We tested whether the probability of detecting avian haemosporidia (Plasmodium and Haemoproteus) using molecular techniques differs among blood, liver, heart, and pectoral muscle tissues. We used a paired design, sampling the 4 tissue types in 55 individuals of a wild South American suboscine antbird, the white-shouldered fire-eye (Pyriglena leucoptera). We also identified parasites to cytochrome b lineage. Detection probability was significantly lower in blood compared to the other 3 tissue types combined. Eight of 22 infections were not detected in blood samples; 4-7 infections were not detected in the other individual tissues. The same parasite lineage was recovered from different tissues.

  16. A new coccidian, Isospora parnaitatiaiensis n. sp. (Apicomplexa, Eimeriidae), from the white-shouldered fire-eye Pyriglena leucoptera (Passeriformes, Thamnophilidae) from South America.

    PubMed

    da Silva, Lidiane Maria; Rodrigues, Mariana Borges; Lopes, Bruno do Bomfim; Berto, Bruno Pereira; Luz, Hermes Ribeiro; Ferreira, Ildemar; Lopes, Carlos Wilson Gomes

    2016-02-01

    A new coccidian species (Protozoa: Apicomplexa: Isospora) parasitizing the white-shouldered fire-eye Pyriglena leucoptera (Vieillot, 1818) is described in the Parque Nacional do Itatiaia. This park is a protected area in southeastern Brazil with a high degree of vulnerability, representing a "conservation island" of biodiversity. Isospora parnaitatiaiensis n. sp. has oocysts that are ellipsoidal, 23.8 × 19.4 μm, with smooth, bilayered wall, ~1.1 μm thick. Micropyle and oocyst residuum are absent, but one or two polar granules are present. Sporocysts are ellipsoidal, 14.6 × 9.3 μm. The Stieda body is nipple- to knob-like and sub-Stieda body rounded to rectangular. Sporocyst residuum is present, usually as a cluster of numerous granules. Sporozoites are vermiform with two refractile bodies and a nucleus. This is the second isosporoid coccidian described from antbirds (Thamnophilidae).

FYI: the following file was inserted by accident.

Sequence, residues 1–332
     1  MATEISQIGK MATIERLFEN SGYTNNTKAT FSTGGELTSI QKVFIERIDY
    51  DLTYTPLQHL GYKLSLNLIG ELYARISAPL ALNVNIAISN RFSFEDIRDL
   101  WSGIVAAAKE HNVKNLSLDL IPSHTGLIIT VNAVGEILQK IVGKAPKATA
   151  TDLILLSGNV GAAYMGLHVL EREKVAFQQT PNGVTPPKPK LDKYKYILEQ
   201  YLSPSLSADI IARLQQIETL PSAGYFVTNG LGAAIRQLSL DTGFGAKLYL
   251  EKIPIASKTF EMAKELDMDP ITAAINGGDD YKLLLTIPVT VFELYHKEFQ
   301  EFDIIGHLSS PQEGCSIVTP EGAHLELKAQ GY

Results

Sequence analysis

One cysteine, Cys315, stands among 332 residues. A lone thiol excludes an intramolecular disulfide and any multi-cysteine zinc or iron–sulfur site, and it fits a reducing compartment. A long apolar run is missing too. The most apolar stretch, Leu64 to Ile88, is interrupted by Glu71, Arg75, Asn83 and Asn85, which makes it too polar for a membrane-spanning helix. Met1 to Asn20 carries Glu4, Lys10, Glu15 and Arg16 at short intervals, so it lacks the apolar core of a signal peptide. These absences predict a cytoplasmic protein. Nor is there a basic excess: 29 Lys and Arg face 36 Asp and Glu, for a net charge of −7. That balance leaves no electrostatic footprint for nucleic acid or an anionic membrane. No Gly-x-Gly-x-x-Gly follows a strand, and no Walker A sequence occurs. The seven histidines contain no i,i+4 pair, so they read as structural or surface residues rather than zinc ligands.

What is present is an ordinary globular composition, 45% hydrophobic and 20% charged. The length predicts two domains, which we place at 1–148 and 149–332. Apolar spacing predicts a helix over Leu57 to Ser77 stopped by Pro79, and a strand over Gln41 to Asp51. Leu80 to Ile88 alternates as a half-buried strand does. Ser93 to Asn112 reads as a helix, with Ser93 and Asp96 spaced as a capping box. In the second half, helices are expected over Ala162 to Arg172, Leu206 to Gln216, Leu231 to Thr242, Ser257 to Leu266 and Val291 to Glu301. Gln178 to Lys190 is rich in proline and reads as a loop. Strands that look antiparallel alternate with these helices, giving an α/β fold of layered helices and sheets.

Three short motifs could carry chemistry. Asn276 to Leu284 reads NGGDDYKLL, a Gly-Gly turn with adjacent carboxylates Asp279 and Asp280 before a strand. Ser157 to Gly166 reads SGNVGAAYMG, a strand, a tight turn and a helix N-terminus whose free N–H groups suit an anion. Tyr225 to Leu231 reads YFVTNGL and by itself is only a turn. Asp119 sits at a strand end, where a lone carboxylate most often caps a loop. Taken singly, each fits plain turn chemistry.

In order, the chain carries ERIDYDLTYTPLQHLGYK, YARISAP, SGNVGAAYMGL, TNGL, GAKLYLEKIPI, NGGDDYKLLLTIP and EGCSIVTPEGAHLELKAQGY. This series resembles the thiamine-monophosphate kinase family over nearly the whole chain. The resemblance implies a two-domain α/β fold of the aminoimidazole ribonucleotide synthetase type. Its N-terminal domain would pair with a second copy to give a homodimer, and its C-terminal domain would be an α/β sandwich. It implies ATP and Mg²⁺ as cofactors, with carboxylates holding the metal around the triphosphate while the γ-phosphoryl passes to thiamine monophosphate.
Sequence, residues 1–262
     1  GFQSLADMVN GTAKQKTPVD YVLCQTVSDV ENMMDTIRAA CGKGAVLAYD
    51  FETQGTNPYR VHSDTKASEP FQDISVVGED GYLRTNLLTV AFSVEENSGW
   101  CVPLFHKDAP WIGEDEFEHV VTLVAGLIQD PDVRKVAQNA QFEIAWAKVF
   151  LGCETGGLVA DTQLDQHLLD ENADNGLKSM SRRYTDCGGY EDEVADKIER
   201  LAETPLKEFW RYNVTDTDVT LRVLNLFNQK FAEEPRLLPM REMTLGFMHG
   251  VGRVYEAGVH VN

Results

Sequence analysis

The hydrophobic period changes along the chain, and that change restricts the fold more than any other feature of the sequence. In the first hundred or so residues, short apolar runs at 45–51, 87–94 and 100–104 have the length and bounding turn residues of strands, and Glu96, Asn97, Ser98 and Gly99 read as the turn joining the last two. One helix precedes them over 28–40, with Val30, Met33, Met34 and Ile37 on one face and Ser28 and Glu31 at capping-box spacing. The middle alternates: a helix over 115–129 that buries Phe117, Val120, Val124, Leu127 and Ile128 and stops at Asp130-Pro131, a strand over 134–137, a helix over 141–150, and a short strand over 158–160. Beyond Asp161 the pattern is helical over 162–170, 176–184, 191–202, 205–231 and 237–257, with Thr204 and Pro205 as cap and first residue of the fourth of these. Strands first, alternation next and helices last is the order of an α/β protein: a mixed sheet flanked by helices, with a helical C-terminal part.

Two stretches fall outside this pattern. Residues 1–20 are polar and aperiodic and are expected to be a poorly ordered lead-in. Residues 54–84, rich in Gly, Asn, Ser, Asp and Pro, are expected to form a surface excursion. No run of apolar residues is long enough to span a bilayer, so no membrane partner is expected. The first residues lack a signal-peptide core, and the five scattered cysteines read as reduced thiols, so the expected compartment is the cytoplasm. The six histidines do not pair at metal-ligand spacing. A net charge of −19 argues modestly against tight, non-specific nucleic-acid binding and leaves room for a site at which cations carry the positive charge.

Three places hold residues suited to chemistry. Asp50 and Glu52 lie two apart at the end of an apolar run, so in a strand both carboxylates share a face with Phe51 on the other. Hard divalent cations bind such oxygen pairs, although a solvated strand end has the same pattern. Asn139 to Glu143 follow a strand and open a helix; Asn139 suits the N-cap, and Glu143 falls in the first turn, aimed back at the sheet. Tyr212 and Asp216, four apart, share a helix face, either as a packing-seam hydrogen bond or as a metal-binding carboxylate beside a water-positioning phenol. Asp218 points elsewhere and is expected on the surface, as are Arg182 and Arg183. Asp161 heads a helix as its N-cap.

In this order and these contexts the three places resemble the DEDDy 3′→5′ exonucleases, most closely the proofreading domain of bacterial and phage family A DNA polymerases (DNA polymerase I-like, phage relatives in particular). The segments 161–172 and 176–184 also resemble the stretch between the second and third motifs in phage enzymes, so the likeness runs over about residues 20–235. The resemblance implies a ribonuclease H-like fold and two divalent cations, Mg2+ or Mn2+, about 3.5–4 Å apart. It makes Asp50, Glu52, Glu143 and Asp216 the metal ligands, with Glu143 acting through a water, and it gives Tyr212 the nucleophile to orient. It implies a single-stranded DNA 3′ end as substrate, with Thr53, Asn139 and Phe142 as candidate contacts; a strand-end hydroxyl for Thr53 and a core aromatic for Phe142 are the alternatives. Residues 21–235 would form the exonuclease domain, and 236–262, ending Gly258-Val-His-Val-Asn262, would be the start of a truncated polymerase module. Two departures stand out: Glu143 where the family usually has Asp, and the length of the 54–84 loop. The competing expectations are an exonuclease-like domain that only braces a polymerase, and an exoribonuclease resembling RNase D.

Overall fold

17. Forest fragmentation and selective logging have inconsistent effects on multiple animal-mediated ecosystem processes in a tropical forest.

    PubMed

    Schleuning, Matthias; Farwig, Nina; Peters, Marcell K; Bergsdorf, Thomas; Bleher, Bärbel; Brandl, Roland; Dalitz, Helmut; Fischer, Georg; Freund, Wolfram; Gikungu, Mary W; Hagen, Melanie; Garcia, Francisco Hita; Kagezi, Godfrey H; Kaib, Manfred; Kraemer, Manfred; Lung, Tobias; Naumann, Clas M; Schaab, Gertrud; Templin, Mathias; Uster, Dana; Wägele, J Wolfgang; Böhning-Gaese, Katrin

    2011-01-01

    Forest fragmentation and selective logging are two main drivers of global environmental change and modify biodiversity and environmental conditions in many tropical forests. The consequences of these changes for the functioning of tropical forest ecosystems have rarely been explored in a comprehensive approach. In a Kenyan rainforest, we studied six animal-mediated ecosystem processes and recorded species richness and community composition of all animal taxa involved in these processes. We used linear models and a formal meta-analysis to test whether forest fragmentation and selective logging affected ecosystem processes and biodiversity and used structural equation models to disentangle direct from biodiversity-related indirect effects of human disturbance on multiple ecosystem processes. Fragmentation increased decomposition and reduced antbird predation, while selective logging consistently increased pollination, seed dispersal and army-ant raiding. Fragmentation modified species richness or community composition of five taxa, whereas selective logging did not affect any component of biodiversity. Changes in the abundance of functionally important species were related to lower predation by antbirds and higher decomposition rates in small forest fragments. The positive effects of selective logging on bee pollination, bird seed dispersal and army-ant raiding were direct, i.e. not related to changes in biodiversity, and were probably due to behavioural changes of these highly mobile animal taxa. We conclude that animal-mediated ecosystem processes respond in distinct ways to different types of human disturbance in Kakamega Forest. Our findings suggest that forest fragmentation affects ecosystem processes indirectly by changes in biodiversity, whereas selective logging influences processes directly by modifying local environmental conditions and resource distributions. The positive to neutral effects of selective logging on ecosystem processes show that the